2019 was second warmest on record, WMO data

Published by Kayle Crosson on

March 11th, 2020

2019 was the second warmest year on record and finished up with an average global temperature of 1.1 C above pre-industrial levels. 

The year was second only to 2016, which saw an El Nino climate event contribute to global mean temperature on top of what the World Meteorological Organisation (WMO) called, “an overall warming trend”. 

The WMO released its annual findings on Tuesday and the organisation’s Secretary-General Petteri Taalas said that temperature increases moving forward would be “a matter of time”. 

The report also cited a preliminary projection of 0.6 per cent increase in CO2 emissions for 2019.

Such results, according to UN Secretary-General Antonio Guterres, shows that “we are currently way off track to meeting either 1.5 C or 2 C targets that the Paris Agreement calls for”. 

The findings come on the heels of the warmest January on record and an unseasonably mild winter in many pockets of the northern hemisphere. 

Smoke and air pollutants from the widespread bushfires in Australia have also caused a global spike in CO2 emissions and large-scale ice melting in Antarctica will see considerable sea level rise in the coming decades. 

Irish Flooding in 2016 Photo: Niall Sargent

Climatic consequences 

Warming temperatures have a far-reaching effect on climate, particularly on the world’s oceans which absorb 90 per cent of the planet’s excess heat. 

They can also lead to marine heatwaves, which lasted for nearly 2 months and were felt in 84 per cent of the ocean according to WMO data. 

Ocean warming makes up almost a third of total sea level rise through thermal expansion of sea water and additional ocean acidification and deoxygenation also has a detrimental impact on marine ecosystems. 

Coral reefs are projected to decline between 10 and 30 per cent of their former cover at 1.5 C of warming and will dwindle to less than 1 per cent at 2 C of warming. 

Along with warming waters, the report found that Arctic sea ice has continued its downward trend in cover and that 2019 marked the 7th lowest year on record for the Greenland ice sheet in terms of total mass balance. 

Flooding led to the deaths of over 2000 people in Asia during monsoon season and extensive flooding in the Americas generated an accumulated economic loss of $22.5 billion.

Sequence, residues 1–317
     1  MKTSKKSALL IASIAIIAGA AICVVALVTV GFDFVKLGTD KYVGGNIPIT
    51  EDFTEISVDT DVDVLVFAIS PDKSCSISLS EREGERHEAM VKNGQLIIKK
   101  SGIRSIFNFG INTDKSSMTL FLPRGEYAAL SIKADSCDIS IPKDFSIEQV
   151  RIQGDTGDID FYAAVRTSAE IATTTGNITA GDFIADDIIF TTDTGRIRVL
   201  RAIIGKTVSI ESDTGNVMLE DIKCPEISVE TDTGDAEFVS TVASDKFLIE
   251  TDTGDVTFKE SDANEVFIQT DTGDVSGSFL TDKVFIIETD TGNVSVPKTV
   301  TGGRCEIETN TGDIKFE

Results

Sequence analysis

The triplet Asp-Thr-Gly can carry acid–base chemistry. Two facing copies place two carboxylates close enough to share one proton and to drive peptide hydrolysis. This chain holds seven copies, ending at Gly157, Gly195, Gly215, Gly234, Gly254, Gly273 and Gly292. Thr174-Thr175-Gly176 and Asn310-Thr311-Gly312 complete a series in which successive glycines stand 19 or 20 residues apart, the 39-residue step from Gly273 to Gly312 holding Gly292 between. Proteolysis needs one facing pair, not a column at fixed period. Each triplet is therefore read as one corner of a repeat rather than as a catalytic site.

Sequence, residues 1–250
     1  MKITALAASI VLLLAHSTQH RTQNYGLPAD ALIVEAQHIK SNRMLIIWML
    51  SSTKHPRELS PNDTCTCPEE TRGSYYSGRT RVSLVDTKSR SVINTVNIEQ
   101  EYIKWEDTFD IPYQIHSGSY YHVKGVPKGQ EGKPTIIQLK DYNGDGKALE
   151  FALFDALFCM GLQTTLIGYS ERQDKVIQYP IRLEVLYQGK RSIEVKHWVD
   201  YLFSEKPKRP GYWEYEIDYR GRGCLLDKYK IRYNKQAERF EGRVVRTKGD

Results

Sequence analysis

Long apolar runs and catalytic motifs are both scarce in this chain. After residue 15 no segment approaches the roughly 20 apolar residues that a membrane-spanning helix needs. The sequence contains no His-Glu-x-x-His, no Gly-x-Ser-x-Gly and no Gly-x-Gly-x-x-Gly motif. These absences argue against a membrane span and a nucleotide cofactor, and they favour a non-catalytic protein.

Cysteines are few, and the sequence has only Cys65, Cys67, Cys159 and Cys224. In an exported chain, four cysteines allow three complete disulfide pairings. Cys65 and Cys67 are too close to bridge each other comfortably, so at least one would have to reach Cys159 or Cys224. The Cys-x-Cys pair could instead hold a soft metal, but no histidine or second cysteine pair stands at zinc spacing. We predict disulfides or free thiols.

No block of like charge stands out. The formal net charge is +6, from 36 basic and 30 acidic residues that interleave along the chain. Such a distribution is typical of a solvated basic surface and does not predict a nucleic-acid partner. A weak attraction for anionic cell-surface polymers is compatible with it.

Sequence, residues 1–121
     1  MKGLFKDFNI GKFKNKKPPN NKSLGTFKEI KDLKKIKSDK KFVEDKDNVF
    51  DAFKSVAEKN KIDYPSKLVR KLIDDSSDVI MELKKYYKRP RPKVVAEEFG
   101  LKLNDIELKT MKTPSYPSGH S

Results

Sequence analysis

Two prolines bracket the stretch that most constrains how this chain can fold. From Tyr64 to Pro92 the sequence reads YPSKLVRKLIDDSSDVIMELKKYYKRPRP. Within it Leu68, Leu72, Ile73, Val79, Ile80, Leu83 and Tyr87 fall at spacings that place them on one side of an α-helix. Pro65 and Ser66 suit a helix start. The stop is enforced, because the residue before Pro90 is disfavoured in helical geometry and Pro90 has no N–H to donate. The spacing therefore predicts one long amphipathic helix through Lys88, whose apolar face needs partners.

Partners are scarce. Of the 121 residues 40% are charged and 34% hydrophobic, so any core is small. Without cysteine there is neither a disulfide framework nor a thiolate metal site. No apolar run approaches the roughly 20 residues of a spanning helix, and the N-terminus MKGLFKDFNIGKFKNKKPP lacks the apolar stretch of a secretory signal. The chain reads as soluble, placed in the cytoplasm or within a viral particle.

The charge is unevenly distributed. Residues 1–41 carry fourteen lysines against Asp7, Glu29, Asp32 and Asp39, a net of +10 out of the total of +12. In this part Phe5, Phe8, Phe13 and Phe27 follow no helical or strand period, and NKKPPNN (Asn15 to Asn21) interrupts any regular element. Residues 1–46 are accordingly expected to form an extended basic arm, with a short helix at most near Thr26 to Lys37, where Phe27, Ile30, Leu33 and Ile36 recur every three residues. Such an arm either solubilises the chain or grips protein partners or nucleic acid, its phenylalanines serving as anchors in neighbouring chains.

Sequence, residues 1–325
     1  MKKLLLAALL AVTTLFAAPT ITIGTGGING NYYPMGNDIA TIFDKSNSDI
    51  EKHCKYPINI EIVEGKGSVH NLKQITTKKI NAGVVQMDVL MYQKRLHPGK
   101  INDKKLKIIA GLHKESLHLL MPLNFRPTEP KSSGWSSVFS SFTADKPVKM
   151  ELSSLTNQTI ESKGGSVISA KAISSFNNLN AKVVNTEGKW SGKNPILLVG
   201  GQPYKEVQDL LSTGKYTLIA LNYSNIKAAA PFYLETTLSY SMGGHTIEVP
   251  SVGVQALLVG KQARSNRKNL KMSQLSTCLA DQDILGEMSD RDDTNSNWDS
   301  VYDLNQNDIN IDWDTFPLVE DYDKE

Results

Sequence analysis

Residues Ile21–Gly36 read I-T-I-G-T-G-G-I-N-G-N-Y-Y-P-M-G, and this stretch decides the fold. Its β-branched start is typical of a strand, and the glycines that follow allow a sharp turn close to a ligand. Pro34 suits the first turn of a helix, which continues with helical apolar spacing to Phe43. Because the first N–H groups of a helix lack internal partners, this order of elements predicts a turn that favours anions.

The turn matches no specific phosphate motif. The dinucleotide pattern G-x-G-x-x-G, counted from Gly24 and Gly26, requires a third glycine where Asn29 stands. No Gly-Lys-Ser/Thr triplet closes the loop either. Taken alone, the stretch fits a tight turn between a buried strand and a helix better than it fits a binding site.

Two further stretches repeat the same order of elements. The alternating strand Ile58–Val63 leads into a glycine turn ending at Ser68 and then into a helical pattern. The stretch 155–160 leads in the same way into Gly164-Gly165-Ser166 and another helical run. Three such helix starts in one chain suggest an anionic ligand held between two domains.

Drought was also prevalent in many parts of southeast Asia, Australia and South America and wildfires raged in the Amazon and across Australia towards the latter half of the year.  

Launch at Sandymount Strand of One Future, a new campaign group calling for faster and fairer climate action Photo: Marc O’Sullivan
Launch at Sandymount Strand of One Future, a new campaign group calling for faster and fairer climate action Photo: Marc O’Sullivan

Societal impacts 

Warming both on and offshore have a drastic impact on human society, according to the report, particularly for health, food security and migration. 

Record-shattering temperatures have led to heat deaths around the world and increased hospitalizations and climatic changes have made it easier for mosquitoes to transmit dengue virus and about half the world is now at risk of infection. 

The food security situation deteriorated “markedly” in 2019 in some African countries, particularly in the Greater Horn region, due to “climate extremes, displacement, conflict and violence”. 

Extreme weather events such as Cyclone Idai in Southeast Africa and Hurricane Dorian in the Caribbean contributed to a total of 22 million people who were internally displaced as a result of natural disasters, an increase of more than 6 million from the previous year. 

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Kayle Crosson

Kayle is a multimedia journalist focused on climate and environmental issues and contributes to The Irish Times and The Green News.